We timed our long-overdue vacation for the fall season mostly for two reasons; one, obviously to take in the splendor of autumn that Texans are bereft of, and two, to avoid the madding crowds of the families with school-going children. In addition, we chose to time our visit on weekdays because with its proximity to several high-population centers, this park draws visitors in droves over the weekend even during the off-season. It turned out that was a prudent move because we learnt later that roads were packed the weekend we left. Even leaving earlier than usual in the mornings will help you escape the slightly-late risers. The car line waiting to get in at Cades Cove as we exited made us thank our stars for getting there early. We had learnt a lesson the previous day when we ran out of parking spaces near a popular hiking trail and had to park half a mile away.

View from Newfound Gap

The best way to take in the Smokies in a short time, is to drive through it. At a leisurely speed. You can go north-south on US-441 or otherwise called the Newfound Gap Drive or head west to Cades Cove on the Little River Road or east on a very short loop called the Roaring Fork Motor Trail. There are numerous trailheads along these roads that you can pull off and head into the forest. Either way, if you visit during autumn, the fall views are astounding wherever you look and after a while, you just have to stop trying to capture it all on your camera. The dappled light on the trails with various shades of green and red or the bright hills mottled with warm colors will not get old. To take it all in a longer time, well, you just have to stay for couple of weeks and hike a trail every day. There are trails as short as 0.5 miles and as long as 12 miles; not all are destination hikes, some are simply journeys unveiling a different version of fall and chances to come across bubbling creeks. You can sit on make-shift wooden log benches or stones cleared of moss and gape at the beauty around you or continue deeper into the forest to seek even more wonders.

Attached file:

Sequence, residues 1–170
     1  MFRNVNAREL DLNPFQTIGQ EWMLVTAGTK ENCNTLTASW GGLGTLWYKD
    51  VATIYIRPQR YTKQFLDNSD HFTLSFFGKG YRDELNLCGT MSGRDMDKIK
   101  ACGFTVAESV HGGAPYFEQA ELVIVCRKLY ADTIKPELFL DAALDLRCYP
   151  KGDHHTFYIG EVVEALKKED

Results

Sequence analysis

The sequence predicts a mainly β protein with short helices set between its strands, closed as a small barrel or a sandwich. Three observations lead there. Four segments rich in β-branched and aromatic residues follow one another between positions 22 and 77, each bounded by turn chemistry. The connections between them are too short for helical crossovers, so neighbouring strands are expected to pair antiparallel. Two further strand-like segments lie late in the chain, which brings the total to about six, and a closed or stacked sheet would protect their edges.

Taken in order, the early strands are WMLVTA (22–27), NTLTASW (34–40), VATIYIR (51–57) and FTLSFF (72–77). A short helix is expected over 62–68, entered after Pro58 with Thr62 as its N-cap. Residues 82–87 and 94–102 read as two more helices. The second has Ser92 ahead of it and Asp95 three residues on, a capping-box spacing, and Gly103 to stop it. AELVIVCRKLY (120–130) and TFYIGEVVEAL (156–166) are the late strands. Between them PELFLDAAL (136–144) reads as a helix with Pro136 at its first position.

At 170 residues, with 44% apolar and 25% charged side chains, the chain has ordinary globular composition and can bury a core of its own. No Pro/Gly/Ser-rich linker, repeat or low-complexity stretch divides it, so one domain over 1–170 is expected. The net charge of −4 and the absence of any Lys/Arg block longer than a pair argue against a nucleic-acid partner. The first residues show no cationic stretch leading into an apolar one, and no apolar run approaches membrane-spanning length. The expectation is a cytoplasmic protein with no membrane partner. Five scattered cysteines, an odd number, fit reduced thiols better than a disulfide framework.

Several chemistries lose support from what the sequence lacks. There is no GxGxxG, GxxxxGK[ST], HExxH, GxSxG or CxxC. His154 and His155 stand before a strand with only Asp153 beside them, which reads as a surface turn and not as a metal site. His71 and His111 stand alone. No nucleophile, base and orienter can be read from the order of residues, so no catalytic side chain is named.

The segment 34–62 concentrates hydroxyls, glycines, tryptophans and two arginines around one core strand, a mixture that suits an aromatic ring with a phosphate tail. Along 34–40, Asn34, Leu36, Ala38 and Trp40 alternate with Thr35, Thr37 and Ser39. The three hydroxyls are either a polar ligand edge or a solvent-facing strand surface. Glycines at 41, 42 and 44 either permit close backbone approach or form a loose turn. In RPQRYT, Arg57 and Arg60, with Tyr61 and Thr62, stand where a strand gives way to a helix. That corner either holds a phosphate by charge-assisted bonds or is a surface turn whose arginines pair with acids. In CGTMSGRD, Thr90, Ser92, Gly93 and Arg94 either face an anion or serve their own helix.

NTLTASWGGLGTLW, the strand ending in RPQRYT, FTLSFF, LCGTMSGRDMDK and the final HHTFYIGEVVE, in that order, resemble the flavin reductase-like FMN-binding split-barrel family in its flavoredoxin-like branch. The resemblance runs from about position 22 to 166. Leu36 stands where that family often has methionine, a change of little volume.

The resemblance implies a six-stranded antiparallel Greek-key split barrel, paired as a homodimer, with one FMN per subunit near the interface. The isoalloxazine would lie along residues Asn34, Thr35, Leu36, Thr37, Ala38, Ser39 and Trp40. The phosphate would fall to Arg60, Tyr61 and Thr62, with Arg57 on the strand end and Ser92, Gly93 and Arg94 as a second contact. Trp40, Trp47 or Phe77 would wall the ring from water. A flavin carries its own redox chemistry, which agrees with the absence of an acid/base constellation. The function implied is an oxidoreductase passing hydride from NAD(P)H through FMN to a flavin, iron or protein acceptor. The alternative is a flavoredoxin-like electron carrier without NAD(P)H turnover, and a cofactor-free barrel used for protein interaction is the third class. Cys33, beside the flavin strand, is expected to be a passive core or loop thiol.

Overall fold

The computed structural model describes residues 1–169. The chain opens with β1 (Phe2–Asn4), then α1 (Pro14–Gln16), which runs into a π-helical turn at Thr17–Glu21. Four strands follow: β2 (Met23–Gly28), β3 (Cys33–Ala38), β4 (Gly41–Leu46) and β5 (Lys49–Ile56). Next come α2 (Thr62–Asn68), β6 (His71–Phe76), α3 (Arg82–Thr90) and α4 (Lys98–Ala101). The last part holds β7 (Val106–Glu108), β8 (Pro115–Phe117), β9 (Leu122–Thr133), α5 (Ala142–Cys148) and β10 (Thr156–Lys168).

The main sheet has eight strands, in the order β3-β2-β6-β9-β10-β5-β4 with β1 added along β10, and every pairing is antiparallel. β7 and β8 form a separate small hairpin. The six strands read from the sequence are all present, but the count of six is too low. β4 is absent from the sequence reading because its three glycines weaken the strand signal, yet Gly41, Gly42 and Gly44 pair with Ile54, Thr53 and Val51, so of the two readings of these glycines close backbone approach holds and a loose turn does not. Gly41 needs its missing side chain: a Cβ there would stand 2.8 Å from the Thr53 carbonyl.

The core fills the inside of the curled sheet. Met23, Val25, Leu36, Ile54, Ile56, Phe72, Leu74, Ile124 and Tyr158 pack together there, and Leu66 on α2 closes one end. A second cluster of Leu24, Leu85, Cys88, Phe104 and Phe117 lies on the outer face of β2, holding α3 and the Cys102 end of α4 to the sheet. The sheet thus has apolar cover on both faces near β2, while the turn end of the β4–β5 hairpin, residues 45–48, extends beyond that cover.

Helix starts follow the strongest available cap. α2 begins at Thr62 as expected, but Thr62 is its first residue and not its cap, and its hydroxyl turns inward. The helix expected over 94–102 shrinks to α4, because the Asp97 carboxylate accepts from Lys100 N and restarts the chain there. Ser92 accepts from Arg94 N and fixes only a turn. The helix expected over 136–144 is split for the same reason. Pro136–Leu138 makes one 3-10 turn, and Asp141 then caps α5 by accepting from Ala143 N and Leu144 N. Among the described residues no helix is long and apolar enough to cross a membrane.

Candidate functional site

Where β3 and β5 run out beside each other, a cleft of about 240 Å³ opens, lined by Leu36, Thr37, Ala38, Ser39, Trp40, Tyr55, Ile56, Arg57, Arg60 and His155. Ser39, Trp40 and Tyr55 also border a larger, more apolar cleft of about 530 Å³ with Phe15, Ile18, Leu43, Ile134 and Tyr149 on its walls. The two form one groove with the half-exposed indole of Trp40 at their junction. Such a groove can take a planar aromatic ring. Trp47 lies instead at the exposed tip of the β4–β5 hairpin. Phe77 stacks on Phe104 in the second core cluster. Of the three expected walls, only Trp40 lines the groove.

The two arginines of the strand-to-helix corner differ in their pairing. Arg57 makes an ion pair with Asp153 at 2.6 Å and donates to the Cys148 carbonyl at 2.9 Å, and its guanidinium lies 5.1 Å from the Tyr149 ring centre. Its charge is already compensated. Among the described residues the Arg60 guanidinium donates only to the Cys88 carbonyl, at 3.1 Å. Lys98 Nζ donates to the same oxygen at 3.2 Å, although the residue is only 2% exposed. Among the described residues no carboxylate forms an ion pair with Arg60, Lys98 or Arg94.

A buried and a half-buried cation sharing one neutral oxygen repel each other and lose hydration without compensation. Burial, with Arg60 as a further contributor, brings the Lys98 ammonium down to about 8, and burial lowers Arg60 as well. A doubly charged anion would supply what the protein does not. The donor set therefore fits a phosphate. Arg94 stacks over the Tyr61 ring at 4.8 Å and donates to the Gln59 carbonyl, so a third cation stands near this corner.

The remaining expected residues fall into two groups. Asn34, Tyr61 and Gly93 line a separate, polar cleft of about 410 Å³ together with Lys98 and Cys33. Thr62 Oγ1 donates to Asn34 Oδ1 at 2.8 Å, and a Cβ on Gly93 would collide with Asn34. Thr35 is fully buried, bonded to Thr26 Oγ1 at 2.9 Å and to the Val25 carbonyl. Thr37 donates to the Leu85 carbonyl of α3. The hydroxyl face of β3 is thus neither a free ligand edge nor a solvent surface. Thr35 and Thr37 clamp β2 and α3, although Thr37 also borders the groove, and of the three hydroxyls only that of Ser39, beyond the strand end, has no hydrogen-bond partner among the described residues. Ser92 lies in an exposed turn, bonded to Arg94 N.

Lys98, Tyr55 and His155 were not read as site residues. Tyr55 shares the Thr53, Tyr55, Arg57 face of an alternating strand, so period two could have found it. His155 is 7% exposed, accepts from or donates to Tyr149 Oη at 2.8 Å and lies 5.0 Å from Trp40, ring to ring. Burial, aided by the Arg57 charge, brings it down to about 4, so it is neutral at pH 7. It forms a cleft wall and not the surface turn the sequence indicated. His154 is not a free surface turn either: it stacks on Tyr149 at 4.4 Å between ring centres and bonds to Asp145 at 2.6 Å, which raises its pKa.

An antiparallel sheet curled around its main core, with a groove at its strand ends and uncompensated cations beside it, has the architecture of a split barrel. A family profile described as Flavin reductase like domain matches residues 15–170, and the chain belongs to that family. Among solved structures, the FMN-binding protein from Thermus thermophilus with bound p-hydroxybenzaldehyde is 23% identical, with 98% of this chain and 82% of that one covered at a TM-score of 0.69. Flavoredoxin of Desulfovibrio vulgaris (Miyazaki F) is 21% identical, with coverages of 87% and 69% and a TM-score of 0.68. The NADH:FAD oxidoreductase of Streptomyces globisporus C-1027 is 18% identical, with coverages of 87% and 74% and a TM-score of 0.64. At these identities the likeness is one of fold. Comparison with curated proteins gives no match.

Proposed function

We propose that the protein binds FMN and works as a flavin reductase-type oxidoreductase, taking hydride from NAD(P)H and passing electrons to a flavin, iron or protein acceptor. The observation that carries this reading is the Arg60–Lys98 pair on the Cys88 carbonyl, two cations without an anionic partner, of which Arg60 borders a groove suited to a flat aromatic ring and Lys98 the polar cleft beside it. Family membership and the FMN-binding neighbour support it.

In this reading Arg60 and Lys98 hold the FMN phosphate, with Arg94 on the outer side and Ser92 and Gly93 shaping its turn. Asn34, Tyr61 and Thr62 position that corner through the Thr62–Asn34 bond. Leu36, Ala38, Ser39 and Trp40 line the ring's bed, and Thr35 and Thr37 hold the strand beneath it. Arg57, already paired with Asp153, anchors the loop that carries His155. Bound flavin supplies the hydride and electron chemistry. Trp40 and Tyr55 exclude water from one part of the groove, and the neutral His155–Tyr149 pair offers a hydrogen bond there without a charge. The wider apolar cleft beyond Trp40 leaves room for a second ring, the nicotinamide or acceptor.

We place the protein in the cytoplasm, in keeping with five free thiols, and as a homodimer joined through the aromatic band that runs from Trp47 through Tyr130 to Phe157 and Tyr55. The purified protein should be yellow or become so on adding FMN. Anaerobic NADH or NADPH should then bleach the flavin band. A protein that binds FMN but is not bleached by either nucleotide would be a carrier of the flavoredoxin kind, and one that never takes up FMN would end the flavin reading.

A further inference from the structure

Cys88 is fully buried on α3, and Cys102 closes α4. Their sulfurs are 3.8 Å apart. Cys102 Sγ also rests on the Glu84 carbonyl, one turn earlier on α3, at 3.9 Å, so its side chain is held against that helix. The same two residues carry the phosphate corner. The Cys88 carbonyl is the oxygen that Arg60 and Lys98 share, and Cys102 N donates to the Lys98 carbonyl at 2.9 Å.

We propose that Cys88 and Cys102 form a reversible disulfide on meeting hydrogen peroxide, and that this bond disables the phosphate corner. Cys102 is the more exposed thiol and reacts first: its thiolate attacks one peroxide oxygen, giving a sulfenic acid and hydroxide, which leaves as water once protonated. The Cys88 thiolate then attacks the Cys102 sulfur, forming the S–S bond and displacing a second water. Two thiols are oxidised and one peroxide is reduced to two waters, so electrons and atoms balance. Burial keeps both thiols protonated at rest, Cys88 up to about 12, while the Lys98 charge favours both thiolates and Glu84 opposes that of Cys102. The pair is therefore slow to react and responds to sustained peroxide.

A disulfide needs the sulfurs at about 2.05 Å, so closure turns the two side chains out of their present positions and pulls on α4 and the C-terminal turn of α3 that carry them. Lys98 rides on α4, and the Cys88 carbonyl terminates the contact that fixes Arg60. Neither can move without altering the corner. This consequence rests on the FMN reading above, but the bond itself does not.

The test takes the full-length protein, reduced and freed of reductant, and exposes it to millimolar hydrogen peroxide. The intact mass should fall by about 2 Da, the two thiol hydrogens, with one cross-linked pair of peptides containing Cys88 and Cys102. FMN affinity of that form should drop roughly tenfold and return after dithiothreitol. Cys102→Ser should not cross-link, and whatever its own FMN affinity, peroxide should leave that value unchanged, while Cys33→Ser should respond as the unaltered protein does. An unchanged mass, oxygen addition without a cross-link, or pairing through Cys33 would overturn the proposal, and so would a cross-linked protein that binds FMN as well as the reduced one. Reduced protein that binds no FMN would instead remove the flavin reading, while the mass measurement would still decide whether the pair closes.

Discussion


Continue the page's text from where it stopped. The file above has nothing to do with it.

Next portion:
View from Roaring Fork Motor Trail

Wildlife, I think, is smart to keep away from trafficked areas in the park and those that do venture, are often attracted by availability of easy food. Once a bear or an elk is spotted, hordes of people gather around with their smartphones pointed at the animal without any regard for safety. Thankfully park rangers are quick on the scene to prevent foolish people from getting too close. We encountered couple of black bears and elk but from a safe distance. The missus had been wary of running into them while on a trail but I’m sure such instances, given the crowds, are rare.

Farm at Cades Cove